What Labor Should Learn from Trump’s Victory

by Michael Hirsch, Saulo Colón, Murray Schneider and Lois Weiner

[ed. note: This essay is a response to two articles that appeared in the New Labor Forum following the presidential election in November.

Updating a pre-election article AFT President Randi Weingarten and Albert Shankar Institute President Leo Casey defended the support that the AFT and many labor union leaders provided Hillary Clinton in the primary and general elections. http://newlaborforum.cuny.edu/2016/11/22/on-the-contrary-american-labor-and-the-2016-elections

In an addendum to his earlier article, Larry Cohen, chairperson of the Our Revolution Board, suggested that Bernie Sanders might have won the general election, and proposed a way forward for labor through Our Revolution.
http://newlaborforum.cuny.edu/author/larry-cohen/

These authors criticize Weingarten, Casey and Cohen, while also setting forth their views on how organized labor should proceed in the Trump era.]

The exchange between Larry Cohen and Randi Weingarten and Leo Casey focuses on what organized labor could and should have done differently so as to avoid Donald Trump’s victory. Bernie Sanders was the obvious choice for all of labor. He was a candidate custom-made for the movement, and he handed himself to labor’s leaders ready to wear, running as a Democrat rather than an independent.

Unlike Hillary Clinton, a one-time member of the Walmart board of directors, Sanders has been a lifelong friend of labor with the record to prove it. It was Sanders who represented the leftwing of the possible, not Clinton. Moreover, a Sanders presidency was certainly possible, especially at the early stage at which the AFT leadership made its peremptory and undemocratic endorsement of Clinton.

Labor officials, such as Weingarten as well as many others, in refusing to endorse Bernie Sanders while grossly exaggerating Hillary’s viability and worthiness for top office, share responsibility for the Trump victory.

While we agree with Cohen that Sanders was labor’s natural candidate, Cohen’s analysis misses an essential lesson for unions about backward social attitudes our society, workers, and union members harbor, and how unions must address these toxic prejudices.

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What Role for Labor in the Progressive Uprising? A Conversation With Stephen Lerner

by Amy Dean

SEIU's Stephen Lerner talks with President of of SEIU Local 1(center purple) as part of a threeday event titled, "Showdown in Chicago" on Monday Oct. 26, 2009. Activists, union members, farmers, etc. descended on the city of Chicago to protest The American Bankers Association's annual meeting. (Photo Heather Stone)

No force did more to build the American middle class than organized labor. In recent decades, however, unions have been decimated. Despite concerted efforts to turn the tide, the movement now represents only 7 percent of workers in the private sector. Never have working people in this country been more in need of a collective voice. Yet, we must ask, can labor alone create the change we need? If it can’t do it by itself, what role can unions play in supporting a wider progressive uprising?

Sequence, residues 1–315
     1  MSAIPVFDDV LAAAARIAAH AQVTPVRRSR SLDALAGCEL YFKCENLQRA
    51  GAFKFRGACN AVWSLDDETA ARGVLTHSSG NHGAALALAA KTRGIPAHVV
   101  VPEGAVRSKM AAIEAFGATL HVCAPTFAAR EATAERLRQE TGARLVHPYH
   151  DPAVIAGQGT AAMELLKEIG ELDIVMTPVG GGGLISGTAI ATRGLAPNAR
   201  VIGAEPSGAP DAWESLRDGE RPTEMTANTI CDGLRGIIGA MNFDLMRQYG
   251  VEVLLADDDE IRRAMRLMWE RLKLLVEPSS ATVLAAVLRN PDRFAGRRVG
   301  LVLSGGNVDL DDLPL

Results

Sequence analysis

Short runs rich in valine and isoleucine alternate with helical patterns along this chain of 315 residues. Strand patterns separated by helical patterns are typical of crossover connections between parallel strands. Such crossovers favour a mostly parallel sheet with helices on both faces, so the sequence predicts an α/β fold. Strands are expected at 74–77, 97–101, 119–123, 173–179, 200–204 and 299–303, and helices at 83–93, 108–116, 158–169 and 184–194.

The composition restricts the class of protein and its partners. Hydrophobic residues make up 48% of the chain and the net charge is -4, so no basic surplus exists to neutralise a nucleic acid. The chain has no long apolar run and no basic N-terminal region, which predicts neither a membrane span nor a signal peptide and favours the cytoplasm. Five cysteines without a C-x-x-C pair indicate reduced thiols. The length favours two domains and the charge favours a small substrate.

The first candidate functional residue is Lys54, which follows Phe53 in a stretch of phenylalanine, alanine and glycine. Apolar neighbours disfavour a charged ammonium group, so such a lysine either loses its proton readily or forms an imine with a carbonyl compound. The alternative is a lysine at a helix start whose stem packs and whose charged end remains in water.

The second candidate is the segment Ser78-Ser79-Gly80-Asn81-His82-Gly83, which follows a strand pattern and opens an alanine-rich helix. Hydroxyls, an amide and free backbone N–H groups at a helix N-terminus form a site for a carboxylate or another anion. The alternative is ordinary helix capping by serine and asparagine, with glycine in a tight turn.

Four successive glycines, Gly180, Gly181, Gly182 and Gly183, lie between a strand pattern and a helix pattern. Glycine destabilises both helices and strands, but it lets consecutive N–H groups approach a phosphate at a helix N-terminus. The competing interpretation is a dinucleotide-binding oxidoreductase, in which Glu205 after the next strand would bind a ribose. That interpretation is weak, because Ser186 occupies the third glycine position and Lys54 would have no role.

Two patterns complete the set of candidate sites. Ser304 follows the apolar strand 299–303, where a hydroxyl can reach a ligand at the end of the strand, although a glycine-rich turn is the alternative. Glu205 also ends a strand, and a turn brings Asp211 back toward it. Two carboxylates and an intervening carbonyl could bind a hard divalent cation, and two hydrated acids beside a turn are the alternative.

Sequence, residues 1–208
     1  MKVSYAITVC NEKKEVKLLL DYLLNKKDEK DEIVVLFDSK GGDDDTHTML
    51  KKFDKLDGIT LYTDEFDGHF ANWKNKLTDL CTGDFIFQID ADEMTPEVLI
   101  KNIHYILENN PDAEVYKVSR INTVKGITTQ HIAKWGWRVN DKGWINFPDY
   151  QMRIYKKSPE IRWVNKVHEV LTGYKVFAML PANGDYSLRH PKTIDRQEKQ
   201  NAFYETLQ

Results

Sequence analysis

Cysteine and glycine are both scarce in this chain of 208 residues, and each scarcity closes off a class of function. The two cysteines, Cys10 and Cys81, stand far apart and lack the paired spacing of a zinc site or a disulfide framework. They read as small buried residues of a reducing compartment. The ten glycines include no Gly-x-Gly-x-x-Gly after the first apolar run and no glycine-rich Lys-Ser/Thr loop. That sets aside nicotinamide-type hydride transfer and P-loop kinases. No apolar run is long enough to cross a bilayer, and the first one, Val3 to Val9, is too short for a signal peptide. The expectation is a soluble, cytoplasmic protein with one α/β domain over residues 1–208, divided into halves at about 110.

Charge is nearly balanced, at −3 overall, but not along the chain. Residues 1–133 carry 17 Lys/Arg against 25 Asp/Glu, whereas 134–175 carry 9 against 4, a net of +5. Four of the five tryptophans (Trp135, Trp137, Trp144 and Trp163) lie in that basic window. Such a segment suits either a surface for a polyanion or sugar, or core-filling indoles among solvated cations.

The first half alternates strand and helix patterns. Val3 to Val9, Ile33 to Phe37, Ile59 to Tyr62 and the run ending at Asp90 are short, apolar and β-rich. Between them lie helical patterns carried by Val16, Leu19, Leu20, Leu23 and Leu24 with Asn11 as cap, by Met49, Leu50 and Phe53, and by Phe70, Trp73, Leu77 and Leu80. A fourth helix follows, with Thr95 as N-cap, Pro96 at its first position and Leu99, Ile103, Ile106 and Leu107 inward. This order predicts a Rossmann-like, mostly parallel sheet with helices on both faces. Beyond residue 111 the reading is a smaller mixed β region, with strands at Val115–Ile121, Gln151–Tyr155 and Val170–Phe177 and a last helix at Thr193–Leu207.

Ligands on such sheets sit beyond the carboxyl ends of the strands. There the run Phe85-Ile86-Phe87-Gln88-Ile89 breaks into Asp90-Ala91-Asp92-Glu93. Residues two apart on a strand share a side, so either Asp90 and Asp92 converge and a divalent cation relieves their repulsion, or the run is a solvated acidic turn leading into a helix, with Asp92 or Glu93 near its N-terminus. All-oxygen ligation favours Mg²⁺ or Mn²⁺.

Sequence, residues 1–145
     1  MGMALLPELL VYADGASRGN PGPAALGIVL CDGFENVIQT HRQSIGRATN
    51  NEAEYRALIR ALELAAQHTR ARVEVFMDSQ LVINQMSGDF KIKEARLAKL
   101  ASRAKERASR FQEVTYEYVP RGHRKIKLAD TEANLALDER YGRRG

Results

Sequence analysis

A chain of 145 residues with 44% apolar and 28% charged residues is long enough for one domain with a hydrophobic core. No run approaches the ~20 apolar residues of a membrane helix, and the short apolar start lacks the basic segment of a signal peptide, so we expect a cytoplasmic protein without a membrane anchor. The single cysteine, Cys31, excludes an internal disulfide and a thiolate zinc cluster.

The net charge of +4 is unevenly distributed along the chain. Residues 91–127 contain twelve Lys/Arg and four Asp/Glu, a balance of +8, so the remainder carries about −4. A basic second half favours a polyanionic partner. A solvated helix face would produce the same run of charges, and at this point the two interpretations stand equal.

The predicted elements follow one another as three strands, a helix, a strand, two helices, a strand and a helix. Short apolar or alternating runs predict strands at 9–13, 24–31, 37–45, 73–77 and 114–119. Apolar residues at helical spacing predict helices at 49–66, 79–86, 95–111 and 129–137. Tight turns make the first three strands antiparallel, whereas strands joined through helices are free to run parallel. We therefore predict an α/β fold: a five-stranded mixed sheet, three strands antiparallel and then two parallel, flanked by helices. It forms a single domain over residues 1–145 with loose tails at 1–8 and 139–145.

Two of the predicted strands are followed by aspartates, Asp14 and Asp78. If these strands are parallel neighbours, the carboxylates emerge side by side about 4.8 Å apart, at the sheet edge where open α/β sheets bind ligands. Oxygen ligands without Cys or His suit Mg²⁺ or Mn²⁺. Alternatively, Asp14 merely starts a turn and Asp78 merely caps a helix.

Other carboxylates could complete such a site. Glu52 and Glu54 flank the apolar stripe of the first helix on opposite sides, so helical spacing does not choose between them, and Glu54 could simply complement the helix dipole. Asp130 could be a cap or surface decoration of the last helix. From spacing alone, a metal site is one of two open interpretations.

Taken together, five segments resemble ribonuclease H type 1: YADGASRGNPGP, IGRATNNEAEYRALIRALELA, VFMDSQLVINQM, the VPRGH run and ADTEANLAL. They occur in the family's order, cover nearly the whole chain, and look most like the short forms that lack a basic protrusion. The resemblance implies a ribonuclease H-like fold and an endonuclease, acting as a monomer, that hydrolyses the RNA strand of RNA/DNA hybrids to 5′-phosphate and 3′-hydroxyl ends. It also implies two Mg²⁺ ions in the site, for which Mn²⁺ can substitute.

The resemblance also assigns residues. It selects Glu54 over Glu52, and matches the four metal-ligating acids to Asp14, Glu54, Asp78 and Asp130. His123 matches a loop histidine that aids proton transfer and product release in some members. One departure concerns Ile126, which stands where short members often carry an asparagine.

Few individuals are offering more interesting, credible and challenging views on this question than veteran labor strategist Stephen Lerner. Ezra Klein recently wrote in The Washington Post: “Ask union types who the smartest labor organizer is and they’re likely to point you towards [SEIU] organizer Stephen Lerner, who planned the legendary Justice for Janitors campaign.” In the most recent issue of New Labor Forum, Lerner has an essay titled “A New Insurgency Can Only Arise Outside the Progressive and Labor Establishment.” It is a must-read for all those who wish to think seriously about creating change in this country.

On a recent trip to Washington, DC, I had a chance to sit down with Lerner on his back porch and have a conversation about his article. I walked away with the resolve that never before has it been so important for labor to have an inside-outside strategy. This means that unions can’t just work to get better politicians elected, but must also help foster a wider grassroots insurgency that can directly challenge the forces that have undermined the American middle class.

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New Labor Forum Fundraising Luncheon: March 13

nlfmagonly.jpg If you’re in the New York City area, you’ll want to attend the 10th anniversary fund raising luncheon for the New Labor Forum, on Friday March 14 at 12:30 at the Murphy Institute, CUNY 25 West 43rd St NY NY 10036.

There’s a great forum at the luncheon. Tickets are very reasonable-$25 for students and $50 for sustainer–and they include a years subscription. (RSVP 212-642-2029.

New Labor Forum is an outstanding journal of ideas, discussion, and debate for the labor movement. If you can’t attend, you can subscribe here.

The luncheon forum will address the topic “Is this a watershed moment in U.S. politics.” Speakers include Katrina vanden Heuvel of the Nation; William Fletcher, Jr. (Solidarity Divided: The Crisis in Organized Labor and a New Path toward Social Justice), Mae Ngai (Impossible Subjects: Illegal Aliens and the Making of Modern America) and Juan Gonzalez, New York Daily News columnist.